This only gets amplified when they succeed at something. Even more so when being surrounded by yes men and sycophants.
Projecting a little bit here, but, I personally am the opposite, always seeing holes in everything about what I think, what I know, shooting myself down all too quickly, such that a lot of my interactions with other people seem to end up with them sympathizing for my lack of confidence but glad to see me being honest. Sometimes, I'd wish to just be a bit more of the opposite.
Maybe Business Insider (who first reported this, but for their premium paywall offering) has some info, but I’m really curious to hear how WeWork employees, including mid level managers and executives, took this proclamation? I’m assuming some of WeWork’s workforce has some regard for the concept of meritocracy. Hearing your CEO declare that he foresees WeWork to be controlled by his bloodline for the next 300 years would seem to be off putting.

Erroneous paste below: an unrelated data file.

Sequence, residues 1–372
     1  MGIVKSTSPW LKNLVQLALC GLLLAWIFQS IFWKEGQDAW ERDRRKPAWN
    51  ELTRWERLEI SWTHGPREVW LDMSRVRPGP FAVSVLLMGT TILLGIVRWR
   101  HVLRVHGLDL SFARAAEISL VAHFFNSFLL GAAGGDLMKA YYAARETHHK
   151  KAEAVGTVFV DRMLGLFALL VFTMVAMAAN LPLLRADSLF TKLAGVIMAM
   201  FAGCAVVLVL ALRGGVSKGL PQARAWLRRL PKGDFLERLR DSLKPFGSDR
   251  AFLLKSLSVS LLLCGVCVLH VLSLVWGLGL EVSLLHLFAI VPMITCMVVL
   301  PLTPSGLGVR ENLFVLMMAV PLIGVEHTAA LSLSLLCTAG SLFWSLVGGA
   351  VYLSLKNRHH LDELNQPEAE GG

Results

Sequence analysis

Unless you're that deep into the cult that you actually believe in him being the prophet and you're calmed by the thought that his eternal consciousness will stand watch and defend the company from outside influence.
> The slow overcomes the fast.
> Let your workings remain a mystery.
> Just show people the results.
Neumann seems like a black hole of arrogance.
I've never dared to click past the second dialog for fear that I'll opt in to something by mistake.
There's also Outline. Not sure if one service is better than the other.
Just have a conversation with a kid working for a client about all those guys. In conversation about Mr. Musk: "If somebody gives you $1.8B credit in cash, and you still manage to screw up, you must have been doing something wrong"
How do you call them in America? "New ageians?"
They’re still rather young, of course. For all we know, in 5 years Reed Jobs will ride up to Apple Park on a white stallion, wielding a sword he pulled from the SF Bay…